The CaTCaN group is well supported by a diverse range of computing platforms. For development work and pilot calculations the group maintains its own cluster in the School of Chemistry. For more computationally demanding applications the group makes extensive use of the University of Nottingham's High Performance Computing facilities. In addition the group is actively involved in the EPSRC funded MidPlus regional HPC initiative, which helps foster links between industry and academic that make use of HPC facilities.

Our ClusterS

The CaTCaN group runs two local clusters. Crow, a heterogenous cluster used by the group for development and testing featuring range of different compute machines including intel and AMD linux platforms as well as facilities for Nvidia CUDA computing. A second cluster Hartree is operated by the Teale group and features 120 AMD compute cores with 256Gb of RAM per node. Hartree was established by a Royal Society Equipment grant in 2013.


The University of Nottingham HPC Service: Minerva

The University of Nottingham runs a high-performance computing service, Minerva. This service offers 46 teraFLOPs of computing power to users across the university. The service features high speed parallel Panasas storage as well as specialised high memory nodes and GPU computing nodes. This substantial and flexible resource underpins simulations performed by research groups across the university, including CaTCaN.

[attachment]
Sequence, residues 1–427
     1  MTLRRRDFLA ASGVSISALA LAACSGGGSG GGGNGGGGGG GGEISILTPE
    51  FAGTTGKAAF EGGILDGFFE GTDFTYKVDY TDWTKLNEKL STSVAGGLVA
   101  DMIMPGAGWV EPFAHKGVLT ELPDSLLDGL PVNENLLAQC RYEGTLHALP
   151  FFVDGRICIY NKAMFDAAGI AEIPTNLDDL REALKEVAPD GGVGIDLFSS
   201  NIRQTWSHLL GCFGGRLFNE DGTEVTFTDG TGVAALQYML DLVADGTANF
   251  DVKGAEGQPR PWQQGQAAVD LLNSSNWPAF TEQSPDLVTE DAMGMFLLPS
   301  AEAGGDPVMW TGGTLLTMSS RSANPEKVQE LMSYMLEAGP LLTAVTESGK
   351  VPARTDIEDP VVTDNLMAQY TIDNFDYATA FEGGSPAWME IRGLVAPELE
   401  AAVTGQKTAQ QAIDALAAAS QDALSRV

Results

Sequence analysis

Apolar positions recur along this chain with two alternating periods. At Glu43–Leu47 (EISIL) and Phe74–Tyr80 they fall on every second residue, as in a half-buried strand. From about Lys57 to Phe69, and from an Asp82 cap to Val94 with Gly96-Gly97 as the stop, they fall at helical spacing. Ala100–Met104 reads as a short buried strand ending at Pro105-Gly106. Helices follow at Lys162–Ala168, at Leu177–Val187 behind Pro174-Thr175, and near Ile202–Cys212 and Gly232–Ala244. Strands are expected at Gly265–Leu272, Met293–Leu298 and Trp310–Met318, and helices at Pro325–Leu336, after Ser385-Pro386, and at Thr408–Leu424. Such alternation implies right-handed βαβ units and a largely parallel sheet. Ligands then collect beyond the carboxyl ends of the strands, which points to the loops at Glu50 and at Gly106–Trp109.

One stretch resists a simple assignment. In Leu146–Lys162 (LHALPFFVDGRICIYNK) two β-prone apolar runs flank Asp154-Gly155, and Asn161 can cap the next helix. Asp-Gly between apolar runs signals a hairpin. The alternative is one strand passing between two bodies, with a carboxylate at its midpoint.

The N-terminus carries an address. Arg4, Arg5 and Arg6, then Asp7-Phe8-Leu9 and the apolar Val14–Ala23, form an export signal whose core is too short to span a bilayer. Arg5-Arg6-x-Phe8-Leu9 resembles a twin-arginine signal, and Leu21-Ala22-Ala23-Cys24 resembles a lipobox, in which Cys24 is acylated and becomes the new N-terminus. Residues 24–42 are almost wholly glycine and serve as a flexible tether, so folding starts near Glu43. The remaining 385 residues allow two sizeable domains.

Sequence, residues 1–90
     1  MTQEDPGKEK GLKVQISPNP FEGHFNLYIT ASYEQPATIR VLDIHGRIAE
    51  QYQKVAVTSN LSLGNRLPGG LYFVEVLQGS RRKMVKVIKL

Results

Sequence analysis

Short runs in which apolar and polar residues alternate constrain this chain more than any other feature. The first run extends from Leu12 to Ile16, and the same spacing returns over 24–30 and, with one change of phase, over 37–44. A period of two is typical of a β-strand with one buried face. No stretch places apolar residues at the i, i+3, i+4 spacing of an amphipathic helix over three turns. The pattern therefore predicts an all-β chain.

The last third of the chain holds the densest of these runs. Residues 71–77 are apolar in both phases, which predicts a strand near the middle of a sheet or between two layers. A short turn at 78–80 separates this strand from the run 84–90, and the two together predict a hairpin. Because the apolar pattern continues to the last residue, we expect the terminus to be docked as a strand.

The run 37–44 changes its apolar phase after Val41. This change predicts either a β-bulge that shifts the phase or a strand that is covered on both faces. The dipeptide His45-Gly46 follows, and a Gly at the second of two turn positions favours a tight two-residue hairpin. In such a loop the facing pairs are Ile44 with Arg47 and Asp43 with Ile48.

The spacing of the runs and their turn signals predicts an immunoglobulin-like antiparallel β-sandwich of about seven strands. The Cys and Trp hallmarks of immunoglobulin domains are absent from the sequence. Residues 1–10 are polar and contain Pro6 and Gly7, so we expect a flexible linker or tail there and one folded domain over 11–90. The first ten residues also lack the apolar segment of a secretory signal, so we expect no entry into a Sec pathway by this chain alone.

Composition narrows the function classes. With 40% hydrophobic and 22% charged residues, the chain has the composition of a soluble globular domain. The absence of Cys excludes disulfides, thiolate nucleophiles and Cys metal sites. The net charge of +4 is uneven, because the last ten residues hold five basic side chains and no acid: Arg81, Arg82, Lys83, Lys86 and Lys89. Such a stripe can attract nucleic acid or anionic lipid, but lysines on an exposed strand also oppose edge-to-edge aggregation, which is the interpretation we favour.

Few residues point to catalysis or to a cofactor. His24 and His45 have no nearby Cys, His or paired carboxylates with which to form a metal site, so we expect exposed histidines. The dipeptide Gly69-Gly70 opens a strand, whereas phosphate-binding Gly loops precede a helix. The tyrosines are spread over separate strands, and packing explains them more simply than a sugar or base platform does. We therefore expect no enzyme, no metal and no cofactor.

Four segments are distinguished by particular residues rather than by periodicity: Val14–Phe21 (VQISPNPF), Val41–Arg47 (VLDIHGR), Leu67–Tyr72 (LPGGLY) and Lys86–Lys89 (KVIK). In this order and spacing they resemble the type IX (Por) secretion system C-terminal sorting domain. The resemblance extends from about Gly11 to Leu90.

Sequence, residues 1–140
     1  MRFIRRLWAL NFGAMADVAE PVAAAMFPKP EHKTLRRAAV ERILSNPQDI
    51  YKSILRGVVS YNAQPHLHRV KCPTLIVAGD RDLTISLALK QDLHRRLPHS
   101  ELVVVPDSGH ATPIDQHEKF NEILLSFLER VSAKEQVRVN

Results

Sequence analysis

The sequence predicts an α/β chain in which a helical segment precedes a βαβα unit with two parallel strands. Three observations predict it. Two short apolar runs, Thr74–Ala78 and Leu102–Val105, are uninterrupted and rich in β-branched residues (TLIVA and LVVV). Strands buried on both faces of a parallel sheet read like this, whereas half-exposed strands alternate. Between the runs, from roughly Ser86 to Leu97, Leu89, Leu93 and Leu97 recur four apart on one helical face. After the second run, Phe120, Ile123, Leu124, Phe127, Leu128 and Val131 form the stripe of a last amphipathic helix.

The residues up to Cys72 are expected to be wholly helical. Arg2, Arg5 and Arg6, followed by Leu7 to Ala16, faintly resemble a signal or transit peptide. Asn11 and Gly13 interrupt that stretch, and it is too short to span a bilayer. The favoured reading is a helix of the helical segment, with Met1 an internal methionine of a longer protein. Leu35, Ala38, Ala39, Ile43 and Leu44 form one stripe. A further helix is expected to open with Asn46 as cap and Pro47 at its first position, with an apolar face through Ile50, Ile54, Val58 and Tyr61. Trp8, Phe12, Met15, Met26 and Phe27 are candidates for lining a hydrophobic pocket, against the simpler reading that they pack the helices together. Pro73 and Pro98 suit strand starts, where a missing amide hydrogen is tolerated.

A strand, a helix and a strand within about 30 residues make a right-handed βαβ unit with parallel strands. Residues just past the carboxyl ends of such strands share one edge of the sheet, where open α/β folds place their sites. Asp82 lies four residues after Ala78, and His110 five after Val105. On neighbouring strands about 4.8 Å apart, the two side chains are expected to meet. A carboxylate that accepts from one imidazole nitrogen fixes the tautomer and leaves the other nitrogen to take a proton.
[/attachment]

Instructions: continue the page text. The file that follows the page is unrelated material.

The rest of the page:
The MidPlus Initiative

The MidPlus regional HPC resource was created in January 2012 through a £2M investment in e-Infrastructure from the EPSRC and £1.5M investment from four partners: University of Nottingham, University of Warwick, University of Birmingham and Queen Mary, University of London. The partners share new HPC compute and data services. These resources complement and significantly extend the resources offered by the University of Nottigham Minerva HPC service.


National and European Computing Facilities

For very large-scale applications computing resource can be requested on National and European level supercomputing facilities. This includes Archer the UK's largest supercomputer. These facilities provide access to cutting edge computing resources and training allowing applications at the forefront of today's computational capabilities on a global scale.